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Published on Tuesday, April 18, 2000 in the Madison Capital Times
Historian Zinn Foresaw Globalization Protests
by John Nichols
 
WASHINGTON -- The students who flooded into the nation's capital for this week's protests against the World Bank and the International Monetary Fund brought books with them.

And why not? While they are activists, they are still finishing up classes this spring.

But, perhaps not surprisingly for so rebellious a bunch, they did not always bring assigned texts. I ran into one protester from western Massachusetts who was paging through a Noam Chomsky book before a forum on globalization. Some of his classmates had books by the Indian physicist Vandana Shiva and other participants in the forum.

Down the row was a young woman reading Howard Zinn's "A People's History of the United States.''

Could there have been a better text for this most American of movements?

Zinn may be close to four times as old as many of the participants in this week's A16 (April 16) protests, but he is their perfect comrade. Brilliant historian, consistent radical and kind and gentle soul, he recognized immediately that this new movement of opposition to corporate globalization is very much in the tradition of the American people's movements he has so ably chronicled and championed.

In a very fine piece for the issue of The Progressive published after last fall's Seattle protests against the World Trade Organization, Zinn made the connections. But that came as no surprise to anyone familiar with his work as a historian and an activist.

Zinn, who will be speaking in Madison at 7:30 tonight at the Wisconsin Union Theatre in the Memorial Union, has always made the connections.

"A People's History of the United States,'' the book my young friend was reading before the forum, was published 20 years ago. Yet the text's closing chapter, "The Coming Revolt of the Guards,'' reads as if it was written in the spring of 2000 -- not 1980.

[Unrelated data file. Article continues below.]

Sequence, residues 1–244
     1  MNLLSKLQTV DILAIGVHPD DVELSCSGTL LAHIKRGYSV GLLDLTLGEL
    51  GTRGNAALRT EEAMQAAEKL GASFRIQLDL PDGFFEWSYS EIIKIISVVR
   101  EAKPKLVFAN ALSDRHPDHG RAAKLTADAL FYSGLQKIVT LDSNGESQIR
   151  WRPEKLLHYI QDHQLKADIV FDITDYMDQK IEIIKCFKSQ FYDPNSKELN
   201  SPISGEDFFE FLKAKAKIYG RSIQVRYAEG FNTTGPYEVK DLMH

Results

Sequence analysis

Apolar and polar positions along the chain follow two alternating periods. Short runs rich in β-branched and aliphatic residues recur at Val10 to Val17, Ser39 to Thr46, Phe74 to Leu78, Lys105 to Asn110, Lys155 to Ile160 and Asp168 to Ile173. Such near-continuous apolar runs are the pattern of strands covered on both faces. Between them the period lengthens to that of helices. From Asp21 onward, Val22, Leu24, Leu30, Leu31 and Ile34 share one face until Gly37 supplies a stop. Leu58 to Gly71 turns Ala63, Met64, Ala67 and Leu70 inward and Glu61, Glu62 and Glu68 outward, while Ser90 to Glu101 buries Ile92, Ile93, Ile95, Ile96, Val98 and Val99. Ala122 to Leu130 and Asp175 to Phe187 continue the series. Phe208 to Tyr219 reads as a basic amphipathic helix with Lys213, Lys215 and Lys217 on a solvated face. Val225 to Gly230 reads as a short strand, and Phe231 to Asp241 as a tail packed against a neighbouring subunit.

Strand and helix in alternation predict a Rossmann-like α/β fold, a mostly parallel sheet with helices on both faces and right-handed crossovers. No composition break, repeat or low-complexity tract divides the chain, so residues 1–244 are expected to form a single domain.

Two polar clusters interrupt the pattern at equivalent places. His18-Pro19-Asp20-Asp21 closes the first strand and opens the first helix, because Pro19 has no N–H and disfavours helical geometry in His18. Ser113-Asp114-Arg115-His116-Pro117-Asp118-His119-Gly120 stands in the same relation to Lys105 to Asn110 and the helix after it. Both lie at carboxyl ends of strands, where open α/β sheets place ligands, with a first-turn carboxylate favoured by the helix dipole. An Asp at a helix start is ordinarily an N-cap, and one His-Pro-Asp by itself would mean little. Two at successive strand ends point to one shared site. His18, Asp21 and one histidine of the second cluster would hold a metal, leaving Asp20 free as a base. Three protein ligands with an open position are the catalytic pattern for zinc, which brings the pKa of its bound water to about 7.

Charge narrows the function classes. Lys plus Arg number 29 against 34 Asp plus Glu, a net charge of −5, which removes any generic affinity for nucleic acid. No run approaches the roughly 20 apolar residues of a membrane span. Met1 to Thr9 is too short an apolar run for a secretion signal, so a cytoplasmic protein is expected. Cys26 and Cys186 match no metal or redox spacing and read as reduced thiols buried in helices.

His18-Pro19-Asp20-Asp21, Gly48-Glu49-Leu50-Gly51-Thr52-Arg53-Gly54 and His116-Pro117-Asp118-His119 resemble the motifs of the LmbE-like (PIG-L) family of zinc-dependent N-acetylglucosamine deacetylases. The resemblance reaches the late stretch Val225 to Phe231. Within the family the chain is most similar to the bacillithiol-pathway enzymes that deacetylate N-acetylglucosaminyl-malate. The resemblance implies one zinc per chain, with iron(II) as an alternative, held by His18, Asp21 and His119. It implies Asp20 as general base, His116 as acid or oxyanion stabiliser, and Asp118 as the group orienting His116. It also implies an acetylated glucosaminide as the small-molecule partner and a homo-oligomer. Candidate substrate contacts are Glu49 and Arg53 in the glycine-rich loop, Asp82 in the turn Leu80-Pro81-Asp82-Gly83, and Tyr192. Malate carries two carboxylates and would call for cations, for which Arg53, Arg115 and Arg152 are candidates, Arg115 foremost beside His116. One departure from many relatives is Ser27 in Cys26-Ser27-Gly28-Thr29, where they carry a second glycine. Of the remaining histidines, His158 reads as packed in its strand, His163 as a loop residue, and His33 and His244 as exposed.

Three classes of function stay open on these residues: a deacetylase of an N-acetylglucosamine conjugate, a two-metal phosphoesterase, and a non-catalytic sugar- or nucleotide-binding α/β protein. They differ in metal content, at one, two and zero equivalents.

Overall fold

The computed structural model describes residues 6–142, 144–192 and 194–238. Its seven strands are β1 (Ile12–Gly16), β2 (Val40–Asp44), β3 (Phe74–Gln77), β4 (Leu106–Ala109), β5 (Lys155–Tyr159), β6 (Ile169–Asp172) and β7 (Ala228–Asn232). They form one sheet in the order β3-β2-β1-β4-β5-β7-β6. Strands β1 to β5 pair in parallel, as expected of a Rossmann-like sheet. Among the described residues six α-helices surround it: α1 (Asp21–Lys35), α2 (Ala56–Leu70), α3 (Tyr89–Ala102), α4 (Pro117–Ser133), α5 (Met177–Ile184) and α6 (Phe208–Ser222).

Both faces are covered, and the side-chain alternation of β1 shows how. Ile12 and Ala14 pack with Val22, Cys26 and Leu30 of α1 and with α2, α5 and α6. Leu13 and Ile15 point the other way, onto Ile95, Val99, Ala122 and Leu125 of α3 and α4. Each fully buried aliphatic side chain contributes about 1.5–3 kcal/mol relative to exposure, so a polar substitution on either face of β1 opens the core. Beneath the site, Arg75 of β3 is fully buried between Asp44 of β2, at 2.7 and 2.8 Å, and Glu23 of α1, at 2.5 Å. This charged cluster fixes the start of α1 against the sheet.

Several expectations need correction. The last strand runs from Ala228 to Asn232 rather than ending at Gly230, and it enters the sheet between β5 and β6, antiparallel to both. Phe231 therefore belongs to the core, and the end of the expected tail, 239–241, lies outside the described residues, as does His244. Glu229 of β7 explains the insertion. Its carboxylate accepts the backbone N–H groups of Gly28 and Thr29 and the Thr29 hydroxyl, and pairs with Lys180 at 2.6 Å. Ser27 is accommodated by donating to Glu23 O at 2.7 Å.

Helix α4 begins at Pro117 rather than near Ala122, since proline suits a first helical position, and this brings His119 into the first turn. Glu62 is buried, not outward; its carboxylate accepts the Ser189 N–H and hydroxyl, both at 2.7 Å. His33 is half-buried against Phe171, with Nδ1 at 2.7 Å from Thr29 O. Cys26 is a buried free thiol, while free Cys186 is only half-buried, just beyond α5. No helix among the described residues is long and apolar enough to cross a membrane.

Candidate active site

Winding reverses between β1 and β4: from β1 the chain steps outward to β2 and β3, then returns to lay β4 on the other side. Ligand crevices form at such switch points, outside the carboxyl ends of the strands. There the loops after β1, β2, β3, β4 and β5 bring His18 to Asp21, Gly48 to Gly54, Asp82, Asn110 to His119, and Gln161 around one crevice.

"People with time, in friendly communities, might create a new, diversified, nonviolent culture, in which all forms of personal and group expression would be possible. Men and women, black and white, old and young, could then cherish their differences as positive attributes, not as reasons for domination. New values of cooperation and freedom might then show up in the relations of people,'' Zinn wrote.

"To do all that, in the complex conditions of control in the United States, would require combining the energy of all previous movements in American history -- of labor insurgents, black rebels, Native Americans, women, young people -- along with the new energy of an angry middle class. People would need to begin to transform their immediate environments -- the workplace, the family, the school, the community -- by a series of struggles against absentee authority, to give control of these places to the people who live and work there.

"These struggles would involve all the tactics used at various times in the past by people's movements: demonstrations, marches, civil disobedience; strikes and boycotts and general strikes; direct action to redistribute wealth, to reconstruct institutions, to revamp relationships; creating -- in music, literature, drama, all the arts, and all the areas of work and play in everyday life -- a new culture of sharing, of respect, a new joy in the collaboration of people to help themselves and one another.''

Anyone who saw the broad coalitions that came together in Washington to protest on behalf of a new vision for a just and humane global economy would have to agree that Howard Zinn either has a mighty fine crystal ball or he really has put all those years of studying the people's history to good use.

Certainly, the young people who came to Washington have learned the lessons. They are building a movement that more closely matches Zinn's vision than any that has come before.

John Nichols is the editorial page editor of The Capital Times.

2000 The Capital Times

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